Natural immunity also accounts for a lot. In countries where infection rates were relatively high in earlier waves, susceptibility to serious illness with omicron seems much lower. A study published Monday by London’s Imperial College, while limited by a small sample size and a younger population, confirms earlier research suggesting that even immunity conferred from the coronaviruses that cause the common cold may help bolster defenses against SARS-CoV-2.
Most importantly, though, vaccines (and especially booster shots) have led to dramatically lower levels of hospitalization and death. Indeed, the unvaccinated account for the large majority of serious COVID-19 hospital cases everywhere.
This helps explain why countries like China, which pursued a zero-COVID policy and used vaccines with lower effectiveness, are now in a worse position with lower levels of immunity. Omicron’s ability to infect a wide variety of animal species with which humans have regular contact, such as cats, dogs and deer, has made draconian policies focused on restricting human behavior even more futile.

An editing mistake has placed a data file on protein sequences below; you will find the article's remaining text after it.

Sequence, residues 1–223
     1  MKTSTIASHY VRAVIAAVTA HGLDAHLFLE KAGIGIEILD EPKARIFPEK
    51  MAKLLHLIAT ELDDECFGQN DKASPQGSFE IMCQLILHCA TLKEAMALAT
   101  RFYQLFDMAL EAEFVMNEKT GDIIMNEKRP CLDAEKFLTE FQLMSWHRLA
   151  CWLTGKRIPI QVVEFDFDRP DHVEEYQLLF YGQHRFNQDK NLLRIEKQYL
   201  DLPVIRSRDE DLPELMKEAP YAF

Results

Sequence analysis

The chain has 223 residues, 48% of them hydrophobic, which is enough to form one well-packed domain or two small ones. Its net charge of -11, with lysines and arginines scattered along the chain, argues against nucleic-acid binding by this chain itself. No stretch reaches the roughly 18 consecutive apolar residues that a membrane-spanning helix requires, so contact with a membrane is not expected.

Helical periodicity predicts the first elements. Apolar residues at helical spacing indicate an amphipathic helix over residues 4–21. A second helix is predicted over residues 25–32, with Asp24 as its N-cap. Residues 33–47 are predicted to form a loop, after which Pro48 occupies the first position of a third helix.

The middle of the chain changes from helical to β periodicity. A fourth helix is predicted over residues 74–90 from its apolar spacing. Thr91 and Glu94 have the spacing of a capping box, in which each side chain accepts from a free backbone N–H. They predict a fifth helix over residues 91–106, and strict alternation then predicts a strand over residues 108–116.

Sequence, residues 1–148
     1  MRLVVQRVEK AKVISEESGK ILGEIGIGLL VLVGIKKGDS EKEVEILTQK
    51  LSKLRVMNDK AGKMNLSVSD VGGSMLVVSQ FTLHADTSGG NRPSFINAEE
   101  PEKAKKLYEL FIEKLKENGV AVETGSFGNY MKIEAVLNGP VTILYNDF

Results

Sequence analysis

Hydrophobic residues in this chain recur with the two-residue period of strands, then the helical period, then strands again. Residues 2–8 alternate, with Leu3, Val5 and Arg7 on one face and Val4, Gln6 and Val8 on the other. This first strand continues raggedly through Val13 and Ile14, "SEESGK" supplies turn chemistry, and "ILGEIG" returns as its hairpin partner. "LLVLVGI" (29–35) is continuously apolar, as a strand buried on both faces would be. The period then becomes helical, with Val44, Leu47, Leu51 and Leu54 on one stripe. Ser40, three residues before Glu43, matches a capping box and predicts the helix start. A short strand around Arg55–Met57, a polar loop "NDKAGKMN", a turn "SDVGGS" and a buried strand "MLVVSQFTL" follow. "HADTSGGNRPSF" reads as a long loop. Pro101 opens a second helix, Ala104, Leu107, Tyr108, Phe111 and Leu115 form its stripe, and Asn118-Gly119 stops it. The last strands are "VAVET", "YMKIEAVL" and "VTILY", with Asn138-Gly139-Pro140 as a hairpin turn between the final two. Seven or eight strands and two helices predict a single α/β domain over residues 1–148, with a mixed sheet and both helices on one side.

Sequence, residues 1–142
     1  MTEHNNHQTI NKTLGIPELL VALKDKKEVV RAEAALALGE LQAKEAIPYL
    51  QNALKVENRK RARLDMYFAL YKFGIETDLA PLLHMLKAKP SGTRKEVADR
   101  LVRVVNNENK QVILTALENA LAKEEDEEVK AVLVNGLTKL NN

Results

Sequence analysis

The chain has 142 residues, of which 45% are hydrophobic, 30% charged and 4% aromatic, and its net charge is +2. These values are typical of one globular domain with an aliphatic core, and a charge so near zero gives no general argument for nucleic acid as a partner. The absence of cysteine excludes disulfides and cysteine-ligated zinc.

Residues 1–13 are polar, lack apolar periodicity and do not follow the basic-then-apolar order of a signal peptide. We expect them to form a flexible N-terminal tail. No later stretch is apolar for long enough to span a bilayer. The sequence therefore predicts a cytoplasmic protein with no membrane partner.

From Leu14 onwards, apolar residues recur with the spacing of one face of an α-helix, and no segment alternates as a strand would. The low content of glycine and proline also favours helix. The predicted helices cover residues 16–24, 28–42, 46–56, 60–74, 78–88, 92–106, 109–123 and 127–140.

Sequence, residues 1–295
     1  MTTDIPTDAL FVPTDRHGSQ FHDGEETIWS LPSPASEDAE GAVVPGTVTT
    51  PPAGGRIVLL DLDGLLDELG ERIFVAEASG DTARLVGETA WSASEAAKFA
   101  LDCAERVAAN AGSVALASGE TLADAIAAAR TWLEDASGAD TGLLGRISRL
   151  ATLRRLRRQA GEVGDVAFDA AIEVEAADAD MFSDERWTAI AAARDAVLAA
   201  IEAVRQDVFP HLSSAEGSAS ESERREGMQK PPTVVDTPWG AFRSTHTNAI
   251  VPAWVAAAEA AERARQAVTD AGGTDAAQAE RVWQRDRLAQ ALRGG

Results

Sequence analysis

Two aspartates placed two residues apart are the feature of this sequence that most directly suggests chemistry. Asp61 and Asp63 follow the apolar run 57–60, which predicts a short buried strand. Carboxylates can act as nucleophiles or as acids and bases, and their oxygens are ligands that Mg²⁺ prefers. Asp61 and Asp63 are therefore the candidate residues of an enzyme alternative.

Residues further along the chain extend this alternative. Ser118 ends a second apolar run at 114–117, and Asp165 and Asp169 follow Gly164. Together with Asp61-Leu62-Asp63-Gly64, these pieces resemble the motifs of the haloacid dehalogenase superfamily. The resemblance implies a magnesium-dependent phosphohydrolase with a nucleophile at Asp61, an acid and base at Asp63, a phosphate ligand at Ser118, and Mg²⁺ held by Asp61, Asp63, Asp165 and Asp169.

What restrictions do we need as we move into the endemic era? Let’s first look at what we can do away with. Self-isolation requirements, for one. The Centers for Disease Control and Prevention in the U.S. reduced self-isolation from 10 days after a positive test to five days. The U.K. has now amended its own rules to allow people to stop self-isolating earlier if they get two consecutive negative lateral flow tests on days six and seven.
The old self-isolation rules make little sense for a virus that has the severity of the common cold in most cases. It is an enormously costly policy, especially when you consider the teachers and health-care workers who must stay home after a positive test, even when they have no symptoms and could work safely with masks.